The media is abuzz about the declining life span of middle-aged, white adults in the U.S. from drug and alcohol poisonings, suicide, and chronic liver diseases and cirrhosis. I’m not surprised. One explanation is the rise in loneliness.
Stress is increasing today as the world economy becomes more competitive and the explosion of information overwhelms individuals. The effects are felt not just mentally, but throughout their nervous systems.
Human connection in the form of conversation and relational support provides psychological resources to cope with stress. Unfortunately, people have fewer confidants today as single-person households in America are at an all-time high of 28 percent, families have spread out, workplaces are lonelier, and both work hours and commutes are longer. Add to that the allure of media and smartphones, and you have a recipe for less time spent in meaningful face-to-face conversation, a state that contributes to greater anxiety, depression and addiction.
Hardwired to Connect
We are hardwired to connect. When our lives crowd out time connecting with others, we dysfunction. As the neuroscientist Matthew Lieberman said in his TED Talk, connection is a superpower that makes people more productive, healthier and happier. To reverse these ominous trends we need to dial back our achieve-aholic tendencies to pursue wealth, power, and fame, and spend more time and energy connecting with others in supportive relationships.
Interestingly, Millennials are trying to do just that in response to seeing their Boomer parents’ struggles. When global marketing firm McCann Worldgroup surveyed 1,000 individuals in the U.S. between the ages of 16-30 years old in 2001, it found more than 90 percent of those surveyed rated “connection and community” as their greatest need. As the researchers put it, “to truly grasp the power of connection for this generation, we can look at how they wish to be remembered. It is not for their beauty, their power, or their influence, but simply for the quality of their human relationships and their ability to look after those around them.” Although Millennials long to connect, they are becoming increasingly frustrated in meeting that desire, in part because of addictions to smartphones and other media.
Connection in the Workplace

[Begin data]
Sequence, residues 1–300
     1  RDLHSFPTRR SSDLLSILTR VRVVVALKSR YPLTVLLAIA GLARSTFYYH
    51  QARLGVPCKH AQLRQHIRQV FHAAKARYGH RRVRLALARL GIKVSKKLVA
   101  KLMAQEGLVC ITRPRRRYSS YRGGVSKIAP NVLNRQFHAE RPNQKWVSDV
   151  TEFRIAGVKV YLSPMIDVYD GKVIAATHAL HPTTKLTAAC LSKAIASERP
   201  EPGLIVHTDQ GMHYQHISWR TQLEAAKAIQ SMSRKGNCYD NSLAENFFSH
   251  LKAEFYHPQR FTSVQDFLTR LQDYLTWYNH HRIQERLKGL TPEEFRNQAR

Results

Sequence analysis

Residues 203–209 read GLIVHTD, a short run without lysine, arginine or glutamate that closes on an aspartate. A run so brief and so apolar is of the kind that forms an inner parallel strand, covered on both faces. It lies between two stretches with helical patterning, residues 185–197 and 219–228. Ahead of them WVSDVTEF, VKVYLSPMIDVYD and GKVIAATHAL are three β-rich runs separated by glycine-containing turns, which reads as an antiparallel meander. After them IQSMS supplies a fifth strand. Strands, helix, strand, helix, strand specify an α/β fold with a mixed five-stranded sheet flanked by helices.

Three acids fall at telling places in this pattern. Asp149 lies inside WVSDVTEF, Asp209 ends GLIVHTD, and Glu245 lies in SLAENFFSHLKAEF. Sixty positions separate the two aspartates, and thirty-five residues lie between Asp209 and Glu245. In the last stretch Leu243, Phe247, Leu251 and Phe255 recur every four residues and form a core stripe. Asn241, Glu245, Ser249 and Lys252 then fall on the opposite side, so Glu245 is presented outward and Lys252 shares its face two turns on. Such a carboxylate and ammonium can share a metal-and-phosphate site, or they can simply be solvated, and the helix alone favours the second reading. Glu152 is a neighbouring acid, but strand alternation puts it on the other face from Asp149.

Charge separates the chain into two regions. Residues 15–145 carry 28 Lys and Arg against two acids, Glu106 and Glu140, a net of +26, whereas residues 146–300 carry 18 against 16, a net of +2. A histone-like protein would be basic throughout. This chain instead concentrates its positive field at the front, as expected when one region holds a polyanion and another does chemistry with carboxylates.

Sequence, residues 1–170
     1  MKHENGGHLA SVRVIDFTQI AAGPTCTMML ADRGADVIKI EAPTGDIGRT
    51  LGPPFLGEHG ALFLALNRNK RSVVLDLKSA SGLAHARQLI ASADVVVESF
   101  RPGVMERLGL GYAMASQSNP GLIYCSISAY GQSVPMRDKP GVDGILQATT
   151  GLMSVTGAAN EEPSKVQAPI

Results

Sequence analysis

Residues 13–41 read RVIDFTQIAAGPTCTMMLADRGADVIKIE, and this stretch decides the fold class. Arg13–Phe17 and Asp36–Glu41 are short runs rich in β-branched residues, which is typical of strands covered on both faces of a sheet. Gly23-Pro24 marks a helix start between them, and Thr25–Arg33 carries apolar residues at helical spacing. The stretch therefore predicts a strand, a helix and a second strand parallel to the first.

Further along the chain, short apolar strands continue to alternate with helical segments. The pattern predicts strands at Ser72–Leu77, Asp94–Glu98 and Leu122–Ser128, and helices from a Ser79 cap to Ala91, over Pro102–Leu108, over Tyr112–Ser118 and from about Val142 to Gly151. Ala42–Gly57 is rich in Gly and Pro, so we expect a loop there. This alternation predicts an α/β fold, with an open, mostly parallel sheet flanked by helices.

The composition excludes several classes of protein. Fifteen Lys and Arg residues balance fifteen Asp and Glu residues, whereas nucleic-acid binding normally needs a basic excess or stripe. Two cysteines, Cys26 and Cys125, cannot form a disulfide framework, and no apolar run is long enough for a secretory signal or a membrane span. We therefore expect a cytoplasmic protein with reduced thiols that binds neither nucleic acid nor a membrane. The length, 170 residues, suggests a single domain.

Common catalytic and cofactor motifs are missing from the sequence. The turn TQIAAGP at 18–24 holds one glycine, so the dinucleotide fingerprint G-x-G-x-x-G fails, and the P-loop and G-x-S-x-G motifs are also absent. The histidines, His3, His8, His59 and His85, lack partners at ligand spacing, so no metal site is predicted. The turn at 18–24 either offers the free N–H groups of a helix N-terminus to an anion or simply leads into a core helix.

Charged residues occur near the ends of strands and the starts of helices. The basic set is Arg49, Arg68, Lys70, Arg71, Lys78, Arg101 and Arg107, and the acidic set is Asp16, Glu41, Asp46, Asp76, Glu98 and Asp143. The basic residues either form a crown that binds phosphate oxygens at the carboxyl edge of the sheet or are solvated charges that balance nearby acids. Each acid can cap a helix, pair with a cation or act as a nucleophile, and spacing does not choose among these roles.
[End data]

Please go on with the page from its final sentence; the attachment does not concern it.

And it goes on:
Employers can make a difference, too, by recognizing that people are coming to work with a connection deficit. Organizations that have relationally toxic or indifferent cultures exacerbate the situation. In many workplaces, anyone who takes lunch away from his desk is labeled as a slacker. Companies that are hell-bent on growth at any cost are harming their employees and their own organization’s performance.
Wise leaders not only value task excellence, they also value relationship excellence. Both are necessary for an organization to thrive. Employees who experience sufficient connection, 1) perform better cognitively and physically, 2) give greater discretionary effort, 3) are more aligned with organizational goals, 4) communicate more so that decision-makers have better information, which improves the quality of decision-making, and 5) engage in creative conversations that fuel innovation. These five benefits add up to a powerful competitive advantage that comes from workplace cultures of connection.
One recent leader who created a connection culture is Ed Catmull, CEO of Pixar Animation and Disney Animation Studios. Catmull cares for people and cares for results. He wants the people he is responsible for leading to thrive and, as a result, has made culture his full-time job. He writes about this new focus in his recent book, Creativity, Inc.
How to Change Workplace Culture
Leaders can create cultures of connection by communicating an inspiring vision that unites, valuing people as human beings rather than means to an end, and giving people a voice in decisions that affect them. I recommend leaders focus on shaping the attitudes, uses of language, and behaviors of the people they are responsible for leading.
CNO Admiral Vern Clark, the former chief of the Navy did this. When Admiral Clark became the Chief of Naval Operations in 2000, the Navy was not meeting its first term enlisted sailor reenlistment goal. Clark visited bases around the world, meeting with both the officer class and the master chiefs who lead the enlisted class of sailors. Clark told the master chiefs a story about a master chief who mentored him on his first ship and how it made him a better sailor and leader. He asked the master chiefs to mentor and coach the sailors under their command like the master chief who mentored him. Clark said if the master chiefs mentored their enlisted sailors, the Navy would have the sailors it needed.
The master chiefs weren’t used to meeting with the Chief of Naval Operations. They appreciated that Admiral Clark knew their leadership made a difference and they weren’t going to let him down. This and other actions initiated by Clark and his leaders (including the master chiefs) contributed to a rise in enlisted sailor first term reenlistment. Within 18 months of Admiral Clark’s becoming the chief, first term reenlistment soared from under 38 percent (the Navy’s goal) to near 57 percent.
Today, 70 percent of American employees report they do not feel connected at work. Changing workplace cultures in ways that boost connection will not only improve America’s productivity, it will also provide psychological resources to cope with the rising stress of modern life thereby improving the employee’s health and happiness.
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